Is a hospital during war-time a place to raise a child? And yet, that’s exactly what Waad does. While her husband tries to save the life of a baby who has been the victim of an airstrike, Waad films the whole thing, and then goes to hold her daughter, so she can forget the horrors she just witnessed. Their world is cold and bleak, and Sama is their own personal sun. Without her, they’d probably not survive.

Along with them are other people, families trying to raise their kids who are older than Sama and therefore much more aware of what is happening around them. And so, you’ve got visuals of death, despair, and blood juxtaposed with images of life, small joys, and a mother and newborn who survived against all odds. And then of course, there’s Sama’s angelic smile.

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An intimate, heartbreaking epic about the female experience of a war

Before being turned into a documentary, Waad’s footage was often showcased on Channel 4 in the UK. In an interview with the New York Times, Waad Al-Kateab revealed that the real challenge she and co-director Edward Watts faced was to compile the footage in a way that would make people in other parts of the world give a care about what was happening in Syria. And what better way to show them the impact of war than through the very families it destroys?

But what makes For Sama a hard-hitting watch is the female perspective with which the footage is shot. Waad was determined to not make the story all about her and her family, so we get glimpses of other people and a lot of their city, Aleppo. We see how it must be for a mother to bury her child, because that’s a bigger casualty of war. But we also see little things that leave a bigger impact—a woman who could cook a decent feast for her family can now barely find provisions that are not infested with insects. 

It must’ve taken such courage for Waad to have ventured out with her camera and captured the attacks live. But even more courage must’ve been required to raise a child, smile for her, and stand by her husband when they were only inches apart from being blown up by an unexpected airstrike. What went on in Waad’s mind when she was torn about the future? That is the story.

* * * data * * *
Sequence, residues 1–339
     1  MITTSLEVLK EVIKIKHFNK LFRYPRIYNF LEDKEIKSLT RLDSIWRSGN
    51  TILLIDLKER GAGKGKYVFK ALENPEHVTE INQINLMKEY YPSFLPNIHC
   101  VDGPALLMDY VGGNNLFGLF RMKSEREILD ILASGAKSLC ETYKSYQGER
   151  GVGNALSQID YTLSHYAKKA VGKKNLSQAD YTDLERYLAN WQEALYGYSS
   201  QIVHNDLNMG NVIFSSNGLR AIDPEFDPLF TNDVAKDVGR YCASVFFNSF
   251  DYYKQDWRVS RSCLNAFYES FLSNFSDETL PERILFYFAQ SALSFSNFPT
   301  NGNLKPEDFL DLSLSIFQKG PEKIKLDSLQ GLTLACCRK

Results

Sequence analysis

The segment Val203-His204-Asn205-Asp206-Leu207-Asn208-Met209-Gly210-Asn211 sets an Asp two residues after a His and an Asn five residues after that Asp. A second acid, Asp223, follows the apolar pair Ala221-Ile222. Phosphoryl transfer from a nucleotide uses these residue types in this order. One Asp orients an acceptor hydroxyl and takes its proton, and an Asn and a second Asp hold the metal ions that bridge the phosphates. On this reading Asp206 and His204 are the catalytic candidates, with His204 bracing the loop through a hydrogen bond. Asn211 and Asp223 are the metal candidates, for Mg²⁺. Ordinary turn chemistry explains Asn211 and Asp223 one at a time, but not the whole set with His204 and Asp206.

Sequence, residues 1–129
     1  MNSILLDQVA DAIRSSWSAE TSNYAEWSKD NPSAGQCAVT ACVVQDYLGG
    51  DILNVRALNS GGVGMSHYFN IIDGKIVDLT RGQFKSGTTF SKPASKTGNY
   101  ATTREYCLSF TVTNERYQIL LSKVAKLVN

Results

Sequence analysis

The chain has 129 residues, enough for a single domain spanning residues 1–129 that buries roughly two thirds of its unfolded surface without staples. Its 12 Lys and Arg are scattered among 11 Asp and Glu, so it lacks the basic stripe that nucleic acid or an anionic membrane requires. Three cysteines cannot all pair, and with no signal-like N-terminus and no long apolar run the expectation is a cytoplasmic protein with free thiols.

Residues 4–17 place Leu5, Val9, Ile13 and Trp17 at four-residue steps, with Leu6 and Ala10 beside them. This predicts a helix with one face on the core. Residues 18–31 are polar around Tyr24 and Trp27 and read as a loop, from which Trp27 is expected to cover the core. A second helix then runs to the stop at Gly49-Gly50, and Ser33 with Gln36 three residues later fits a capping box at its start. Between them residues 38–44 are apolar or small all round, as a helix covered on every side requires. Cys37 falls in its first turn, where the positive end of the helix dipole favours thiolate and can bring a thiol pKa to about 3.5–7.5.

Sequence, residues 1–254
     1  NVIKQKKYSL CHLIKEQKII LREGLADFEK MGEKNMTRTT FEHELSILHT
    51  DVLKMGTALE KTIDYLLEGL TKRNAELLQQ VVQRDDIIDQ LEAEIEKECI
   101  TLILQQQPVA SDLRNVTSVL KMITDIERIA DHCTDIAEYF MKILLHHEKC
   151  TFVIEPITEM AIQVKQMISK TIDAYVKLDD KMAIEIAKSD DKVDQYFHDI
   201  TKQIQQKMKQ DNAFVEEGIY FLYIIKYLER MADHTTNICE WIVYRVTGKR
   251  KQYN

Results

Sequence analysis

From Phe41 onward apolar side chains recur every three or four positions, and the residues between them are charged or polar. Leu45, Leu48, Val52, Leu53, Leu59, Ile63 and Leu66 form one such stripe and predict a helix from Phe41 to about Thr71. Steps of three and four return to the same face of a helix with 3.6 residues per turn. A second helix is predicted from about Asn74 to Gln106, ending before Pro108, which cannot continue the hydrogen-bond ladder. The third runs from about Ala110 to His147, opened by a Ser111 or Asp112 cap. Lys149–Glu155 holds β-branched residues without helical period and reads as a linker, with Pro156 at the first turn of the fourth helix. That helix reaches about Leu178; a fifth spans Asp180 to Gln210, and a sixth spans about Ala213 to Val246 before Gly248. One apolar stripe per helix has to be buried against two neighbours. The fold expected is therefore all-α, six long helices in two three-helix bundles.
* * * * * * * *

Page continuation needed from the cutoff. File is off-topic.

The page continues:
A ray of hope for the future, but also a dire warning

In 2016, after five years of keeping the flame burning, Waad and Hamza were asked by the government to choose between death or exile. With Sama in their arms, they chose to escape, in what made for the most edge-of-the-seat moments of the whole documentary. They were granted asylum in the UK, where they currently live.

And that’s why, at the end of those 100 minutes, I realised that For Sama was a lot about hope. The visuals are surely going to devastate you—injured bodies, parents mourning dead children, children mourning their siblings, blood-streaked hospital floors, and a city reduced to ashes. 

But the images that stay with you are the ones where the people are huddled in a tiny room, celebrating that they’re still alive. The way they all come together to help each other. How can they manage to crack jokes about death? How can they hear all those airstrikes and still sing a song? How can they see all that destruction and still not lose hope? And then, little Sama’s smile reminds you, just like it reminded her mother and father, that hope can be such a powerful boost for the human spirit.

But you know what else this documentary is? It is a dire warning that we do not take our freedom for granted and do everything to avert a war, the price of which will be paid by our own children. And I say children, because the war is almost at our doorstep already.


For Sama premiered on March 11, 2019 at the SXSW film festival, where it won the Documentary Feature Competition’s Grand Jury and Audience Awards. It went on to be showcased at a bunch of top international film festivals like the Cannes, and was nominated for the Academy Awards as well as four BAFTAs, making it the most nominated documentary in BAFTA history. It eventually won the Best Documentary BAFTA. I watched the film as part of the Mumbai Film Festival’s (MAMI) theatre at home programme, and I’m glad I did. Experiencing this film at a time of a pandemic, as we teeter on the brink of a possible war for resources and survival, the movie hit me different, hit me hard. As a woman who could some day bring a life into this world, it made me think about the kind of world I wanted for the child, and I could change the world for this child, or raise the child that could change the world.

For Sama portrays beautifully the devastation of war but in such an intimate way that makes us want to hold our loved ones close and hope that we never have to witness it for ourselves. And that feeling right there, if felt collectively, might broker peace.